Story of Liberty - Charles Coffin

The New Home of Liberty

The news that Christopher Columbus has discovered wonderful lands in the West reaches the old town of Bristol, in England. It was down past this town that the dust of Doctor Wicklif floated to the sea. It was a Bristol trader whose teeth were pulled out by John Lackland for refusing to give up his money. The merchants of Bristol were enterprising men, and were sending their ships to France, to the Mediterranean, and the North Sea.

[Illustration] from The Story of Liberty by Charles Coffin


Two of the sea-captains employed by the merchants were a father and son, John and Sebastian Cabot. The father was born in Venice, a city that stands in the sea, where the people, instead of riding in carriages, glide along the water-ways in gondolas. They were brave, adventurous men, and, hearing of Columbus's discoveries, persuaded the Bristol men to fit out a fleet for the purpose of discovering a new route to the Indies. The merchants can do nothing without first obtaining permission from the king, Henry VII. There is not much liberty in England or anywhere else. The king is supreme. Henry loves money, and when the citizens of Bristol come before him with their petition, he sees an opportunity to impose conditions which possibly may bring money into his pockets at their expense.

"If you discover any countries, they shall be mine," he says.

He is possessed with the idea that he alone can lay claim to all countries discovered, no matter who may be living upon the land. The people of England have few rights which the is bound to respect; much less will the Indians have any rights.

"That we promise," the merchants reply.

"If you make any money, I must have one-fifth of it."

[Illustration] from The Story of Liberty by Charles Coffin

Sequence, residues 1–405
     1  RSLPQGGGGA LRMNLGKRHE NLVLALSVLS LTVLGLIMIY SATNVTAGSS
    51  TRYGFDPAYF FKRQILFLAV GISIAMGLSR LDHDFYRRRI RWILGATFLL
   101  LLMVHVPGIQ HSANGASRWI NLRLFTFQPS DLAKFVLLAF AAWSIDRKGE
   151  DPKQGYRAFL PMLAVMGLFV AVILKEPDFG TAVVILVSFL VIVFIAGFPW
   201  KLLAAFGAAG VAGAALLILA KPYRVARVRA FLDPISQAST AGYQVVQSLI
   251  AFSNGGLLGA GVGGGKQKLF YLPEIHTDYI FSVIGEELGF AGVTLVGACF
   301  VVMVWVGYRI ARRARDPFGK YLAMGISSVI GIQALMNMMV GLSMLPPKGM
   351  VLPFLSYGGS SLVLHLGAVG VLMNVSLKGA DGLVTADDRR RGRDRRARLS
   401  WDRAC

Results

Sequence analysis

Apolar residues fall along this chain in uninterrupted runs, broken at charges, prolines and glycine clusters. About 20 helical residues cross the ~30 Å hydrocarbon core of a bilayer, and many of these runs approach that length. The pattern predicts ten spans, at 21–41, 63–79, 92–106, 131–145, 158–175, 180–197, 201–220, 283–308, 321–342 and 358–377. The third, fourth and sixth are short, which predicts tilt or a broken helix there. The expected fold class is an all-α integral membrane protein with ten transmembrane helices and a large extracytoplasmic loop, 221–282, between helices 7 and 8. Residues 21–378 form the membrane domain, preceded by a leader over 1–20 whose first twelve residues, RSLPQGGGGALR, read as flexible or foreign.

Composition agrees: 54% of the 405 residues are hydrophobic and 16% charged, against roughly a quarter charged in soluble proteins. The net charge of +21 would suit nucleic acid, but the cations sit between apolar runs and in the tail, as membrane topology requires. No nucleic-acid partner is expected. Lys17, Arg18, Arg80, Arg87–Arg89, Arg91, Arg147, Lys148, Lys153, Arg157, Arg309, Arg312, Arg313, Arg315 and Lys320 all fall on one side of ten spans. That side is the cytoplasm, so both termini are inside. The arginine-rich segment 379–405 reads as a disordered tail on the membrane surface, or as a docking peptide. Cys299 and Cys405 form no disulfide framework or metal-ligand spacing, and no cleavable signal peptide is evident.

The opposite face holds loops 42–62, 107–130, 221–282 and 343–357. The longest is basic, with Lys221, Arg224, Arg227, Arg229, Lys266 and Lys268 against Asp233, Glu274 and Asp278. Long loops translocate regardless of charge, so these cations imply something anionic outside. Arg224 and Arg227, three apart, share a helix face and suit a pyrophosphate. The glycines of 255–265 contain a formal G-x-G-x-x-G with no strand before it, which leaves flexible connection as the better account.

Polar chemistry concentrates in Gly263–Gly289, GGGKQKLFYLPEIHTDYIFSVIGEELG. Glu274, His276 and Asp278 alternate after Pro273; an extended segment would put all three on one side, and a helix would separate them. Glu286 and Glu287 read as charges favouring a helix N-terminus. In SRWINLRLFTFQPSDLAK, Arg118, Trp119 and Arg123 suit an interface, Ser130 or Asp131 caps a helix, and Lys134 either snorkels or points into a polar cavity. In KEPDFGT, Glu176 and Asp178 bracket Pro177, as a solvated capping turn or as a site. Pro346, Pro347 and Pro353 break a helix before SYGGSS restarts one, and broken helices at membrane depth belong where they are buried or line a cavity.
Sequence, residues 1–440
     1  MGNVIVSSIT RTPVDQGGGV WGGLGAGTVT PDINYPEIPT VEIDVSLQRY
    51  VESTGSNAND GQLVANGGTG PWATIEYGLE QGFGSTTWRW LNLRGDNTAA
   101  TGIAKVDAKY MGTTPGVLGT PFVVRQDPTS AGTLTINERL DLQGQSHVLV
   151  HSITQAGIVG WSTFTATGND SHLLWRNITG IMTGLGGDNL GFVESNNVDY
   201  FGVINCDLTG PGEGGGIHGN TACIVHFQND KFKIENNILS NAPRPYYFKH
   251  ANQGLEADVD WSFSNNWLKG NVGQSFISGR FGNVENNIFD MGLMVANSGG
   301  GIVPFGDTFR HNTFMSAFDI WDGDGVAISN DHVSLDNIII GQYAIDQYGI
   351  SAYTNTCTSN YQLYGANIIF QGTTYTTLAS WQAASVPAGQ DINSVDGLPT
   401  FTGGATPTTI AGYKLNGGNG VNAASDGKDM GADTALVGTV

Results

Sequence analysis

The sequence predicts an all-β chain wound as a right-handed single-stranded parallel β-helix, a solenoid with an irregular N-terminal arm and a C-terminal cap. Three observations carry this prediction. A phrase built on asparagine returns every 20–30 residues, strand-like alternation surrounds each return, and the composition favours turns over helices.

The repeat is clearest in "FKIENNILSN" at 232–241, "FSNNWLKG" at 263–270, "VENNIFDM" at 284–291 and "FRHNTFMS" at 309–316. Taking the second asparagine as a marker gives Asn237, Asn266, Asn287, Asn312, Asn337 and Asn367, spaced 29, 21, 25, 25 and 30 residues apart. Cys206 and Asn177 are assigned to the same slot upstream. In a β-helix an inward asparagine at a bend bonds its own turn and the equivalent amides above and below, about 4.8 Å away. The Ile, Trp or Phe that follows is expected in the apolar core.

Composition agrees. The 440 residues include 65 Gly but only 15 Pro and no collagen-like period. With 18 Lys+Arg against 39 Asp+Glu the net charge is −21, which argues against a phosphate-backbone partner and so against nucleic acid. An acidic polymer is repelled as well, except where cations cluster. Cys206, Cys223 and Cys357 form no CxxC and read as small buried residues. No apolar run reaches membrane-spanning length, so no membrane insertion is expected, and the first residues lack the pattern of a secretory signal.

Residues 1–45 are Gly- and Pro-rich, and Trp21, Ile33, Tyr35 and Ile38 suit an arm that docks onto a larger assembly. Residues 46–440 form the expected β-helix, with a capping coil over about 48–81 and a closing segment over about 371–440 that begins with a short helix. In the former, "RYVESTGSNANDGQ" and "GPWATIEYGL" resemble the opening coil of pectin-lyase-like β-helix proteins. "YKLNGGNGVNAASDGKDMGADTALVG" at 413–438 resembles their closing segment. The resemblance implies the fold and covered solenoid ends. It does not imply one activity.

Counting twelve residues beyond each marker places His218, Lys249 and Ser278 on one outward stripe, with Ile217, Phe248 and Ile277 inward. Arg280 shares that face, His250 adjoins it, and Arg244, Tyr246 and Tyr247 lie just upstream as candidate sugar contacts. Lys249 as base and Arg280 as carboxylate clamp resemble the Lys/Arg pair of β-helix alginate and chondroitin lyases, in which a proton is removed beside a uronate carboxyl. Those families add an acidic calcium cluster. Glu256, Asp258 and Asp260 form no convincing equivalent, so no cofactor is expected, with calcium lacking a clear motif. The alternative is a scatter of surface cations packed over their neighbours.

This is a hard condition. Not a dollar will he contribute toward fitting out the expedition. The merchants must be at all the expense. They may lose every cent of their investment, their vessels may be wrecked; the king will not share in any loss. But on no other condition will he permit the fleet to sail. Hard as the terms are, the merchants accept them.

In the month of May, 1497, John Cabot commanding one vessel, Sebastian another, with a third to keep them company, set sail from Bristol. The tide wafts them down the Severn River, just as it wafted John Wicklif's dust. They steer westward—out upon a stormy sea, to sail where vessels never have sailed before.

[Illustration] from The Story of Liberty by Charles Coffin


By the middle of June they find themselves on soundings, and the sea is swarming with fish. They catch all they want. Never before have they seen such myriads of fish.

On the 24th of June they discover land. It is not India, for they are only sixteen hundred miles west of Ireland. They name it Prima Vista. It is new found land. They behold dense forests of pine and cedar, but no sign that it is inhabited.

[Illustration] from The Story of Liberty by Charles Coffin